CAERPHILLY council will have spent at least £643,364 dealing with the issues of asbestos at Cwmcarn High School come the end of the school year.

This includes the costs of surveys, transporting pupils to alternative accommodation in Ebbw Vale and keeping the vacant school secure.

But nothing has yet been done to manage or remove asbestos at the site.

This amount does not take in account costs for the latest management survey by Ensafe or the fee being paid to asbestos expert Robin Howie who is advising the council on the issue.

Information obtained under the Freedom of Information Act shows the total cost of keeping the building safe since pupils and teachers were forced to leave will amount to £39,552 by the end of July.

It also shows the council spent £68,000 getting the redundant Coleg Gwent building in Ebbw Vale fit for purpose, including a general clean up, correcting defective equipment and removing surplus items.

The authority is not paying the institution anything to rent the building but it incurred £2,000 in legal costs, spent £20,000 on improved security, £33,000 to move materials and equipment from Cwmcarn and £4,000 cleaning costs.

So far the council has spent £260,000 transporting pupils to their new home in Ebbw Vale and by the end of summer term this will have risen to £471,000.

The authority has already said the total cost of the relocation could be up to £1.4 million, which includes the running costs of the building.

The initial Santia Asbestos Management Ltd report, which sparked the closure, cost the council £5,812, the figures show.

For this the company carried out a survey of heater cabinets, asbestos bulk and dust sampling. It also conducted air sampling in Block A and reviewed all previous asbestos surveys undertaken at the site including asbestos management, refurbishment and demolition surveys before compiling a report on its findings.

Costs for the latest Ensafe management report funded by the council are not available.

Kelly East, of the Save Cwmcarn campaign group, said she was “disgusted” at the costs, which, she said could have been avoided had the asbestos been dealt with in situ as the school asked.

She said: “It’s ridiculous.

It’s really disgusting that they don’t seem to have taken into consideration the long term costs. We said fromthe beginning we wanted to remain on the site and put up portacabins – that was put to them and dismissed.

“They were wrong tomove us to Ebbw Vale, we could have done everything they wanted in situ and save this money for the work needed.”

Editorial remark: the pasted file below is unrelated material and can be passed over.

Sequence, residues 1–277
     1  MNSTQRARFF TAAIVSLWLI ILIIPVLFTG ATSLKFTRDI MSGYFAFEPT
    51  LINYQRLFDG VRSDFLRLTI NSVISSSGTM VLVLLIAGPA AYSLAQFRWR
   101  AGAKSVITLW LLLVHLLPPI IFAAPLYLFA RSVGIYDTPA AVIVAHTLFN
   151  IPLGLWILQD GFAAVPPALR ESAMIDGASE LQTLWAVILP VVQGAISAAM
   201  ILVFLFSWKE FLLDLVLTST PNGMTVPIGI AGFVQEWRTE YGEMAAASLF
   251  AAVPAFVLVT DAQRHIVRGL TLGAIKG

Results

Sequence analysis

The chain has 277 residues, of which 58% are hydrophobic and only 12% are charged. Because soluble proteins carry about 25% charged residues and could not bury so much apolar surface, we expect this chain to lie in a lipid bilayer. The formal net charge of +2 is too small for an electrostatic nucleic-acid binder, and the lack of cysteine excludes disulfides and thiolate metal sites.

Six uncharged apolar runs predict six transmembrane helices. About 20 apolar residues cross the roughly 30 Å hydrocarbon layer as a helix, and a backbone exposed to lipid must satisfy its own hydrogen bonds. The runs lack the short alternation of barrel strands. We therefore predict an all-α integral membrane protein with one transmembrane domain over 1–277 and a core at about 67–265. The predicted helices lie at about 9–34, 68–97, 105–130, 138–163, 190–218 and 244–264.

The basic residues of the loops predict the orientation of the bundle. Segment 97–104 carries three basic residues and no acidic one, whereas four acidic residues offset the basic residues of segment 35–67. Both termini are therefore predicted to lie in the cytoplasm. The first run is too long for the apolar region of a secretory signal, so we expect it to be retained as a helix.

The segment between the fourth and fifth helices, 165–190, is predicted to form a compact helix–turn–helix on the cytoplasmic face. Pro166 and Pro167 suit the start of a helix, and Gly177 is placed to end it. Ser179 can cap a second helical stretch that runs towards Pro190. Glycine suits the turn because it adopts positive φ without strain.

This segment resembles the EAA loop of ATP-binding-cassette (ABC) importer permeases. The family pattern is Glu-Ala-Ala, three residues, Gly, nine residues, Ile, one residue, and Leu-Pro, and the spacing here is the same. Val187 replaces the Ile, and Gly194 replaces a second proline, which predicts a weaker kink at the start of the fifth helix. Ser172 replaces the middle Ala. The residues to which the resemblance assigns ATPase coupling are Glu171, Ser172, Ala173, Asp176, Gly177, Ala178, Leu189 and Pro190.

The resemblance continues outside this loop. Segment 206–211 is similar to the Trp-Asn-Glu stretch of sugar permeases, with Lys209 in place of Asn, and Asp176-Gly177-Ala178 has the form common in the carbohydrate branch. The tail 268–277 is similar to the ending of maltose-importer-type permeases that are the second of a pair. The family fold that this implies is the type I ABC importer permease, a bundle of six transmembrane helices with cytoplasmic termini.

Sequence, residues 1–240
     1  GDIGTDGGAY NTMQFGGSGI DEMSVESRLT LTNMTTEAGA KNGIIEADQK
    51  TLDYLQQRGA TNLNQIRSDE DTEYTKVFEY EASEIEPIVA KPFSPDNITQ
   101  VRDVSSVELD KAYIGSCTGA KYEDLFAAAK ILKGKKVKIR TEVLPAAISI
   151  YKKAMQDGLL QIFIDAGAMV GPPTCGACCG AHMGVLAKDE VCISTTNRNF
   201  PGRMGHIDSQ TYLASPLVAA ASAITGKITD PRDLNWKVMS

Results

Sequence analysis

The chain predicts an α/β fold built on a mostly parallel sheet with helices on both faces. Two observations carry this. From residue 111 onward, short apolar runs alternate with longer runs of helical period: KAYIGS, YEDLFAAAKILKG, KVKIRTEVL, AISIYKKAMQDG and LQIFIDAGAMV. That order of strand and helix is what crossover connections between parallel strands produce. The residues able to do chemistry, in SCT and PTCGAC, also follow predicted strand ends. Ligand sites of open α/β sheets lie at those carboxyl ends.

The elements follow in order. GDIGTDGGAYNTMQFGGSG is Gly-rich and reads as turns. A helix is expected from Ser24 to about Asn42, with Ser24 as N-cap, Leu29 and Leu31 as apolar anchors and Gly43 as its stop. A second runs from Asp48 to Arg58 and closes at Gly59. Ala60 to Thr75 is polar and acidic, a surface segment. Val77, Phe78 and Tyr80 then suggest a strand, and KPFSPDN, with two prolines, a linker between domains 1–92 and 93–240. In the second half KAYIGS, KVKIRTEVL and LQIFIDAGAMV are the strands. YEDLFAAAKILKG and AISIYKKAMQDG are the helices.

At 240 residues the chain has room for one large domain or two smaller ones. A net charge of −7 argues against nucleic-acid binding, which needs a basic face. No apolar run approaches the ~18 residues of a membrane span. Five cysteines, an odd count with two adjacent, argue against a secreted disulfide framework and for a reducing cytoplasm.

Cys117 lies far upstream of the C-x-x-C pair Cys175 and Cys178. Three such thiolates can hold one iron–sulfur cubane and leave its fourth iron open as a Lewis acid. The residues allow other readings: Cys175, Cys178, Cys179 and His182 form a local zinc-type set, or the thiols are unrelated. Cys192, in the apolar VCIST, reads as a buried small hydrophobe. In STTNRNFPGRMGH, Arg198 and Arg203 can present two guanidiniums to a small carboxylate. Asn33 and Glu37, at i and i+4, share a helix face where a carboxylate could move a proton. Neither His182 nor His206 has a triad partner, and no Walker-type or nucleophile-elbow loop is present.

The information also showed the council carried out eight building projects at the school in the past five years totalling £376,420 - £15,000 of which was specifically allocated to the removal of asbestos in 2009/10.

Parents have now launched a Buy a Brick campaign to raise the £1 million it will cost to remove asbestos at the site.

Caerphilly council declined to comment.

ARGUS COMMENT: We need an answer

THERE seems no end in sight to the saga of Cwmcarn High School.

As we reveal today, the cost to the public purse since the school was closed due to asbestos fears five months ago will soon be more than half a million pounds.

And yet nothing has been done to manage or remove asbestos at the school.

It seems to us that more time is being spent playing politics than taking action to decide the future of the school. Meanwhile, Cwmcarn’s 900-plus pupils remain in limbo, bussed to Ebbw Vale every day for their education with no idea of when (if ever) they will return to their school.

Caerphilly council and Save Cwmcarn campaigners appear to be involved in a public relations war over whether the school is safe to reopen or not.

Each side has commissioned reports from experts.

Each side interprets the results of those reports differently.

We do not criticise either side, other than to say there should not be “sides” in this situation.

Everyone involved in the Cwmcarn debate should want the best for the children of the school. At present, the situation is entirely unsatisfactory.

Pupils, staff and parents need a definitive answer about the school’s future.

The time for politics and posturing is over.

What is needed now is honesty, transparency and openness.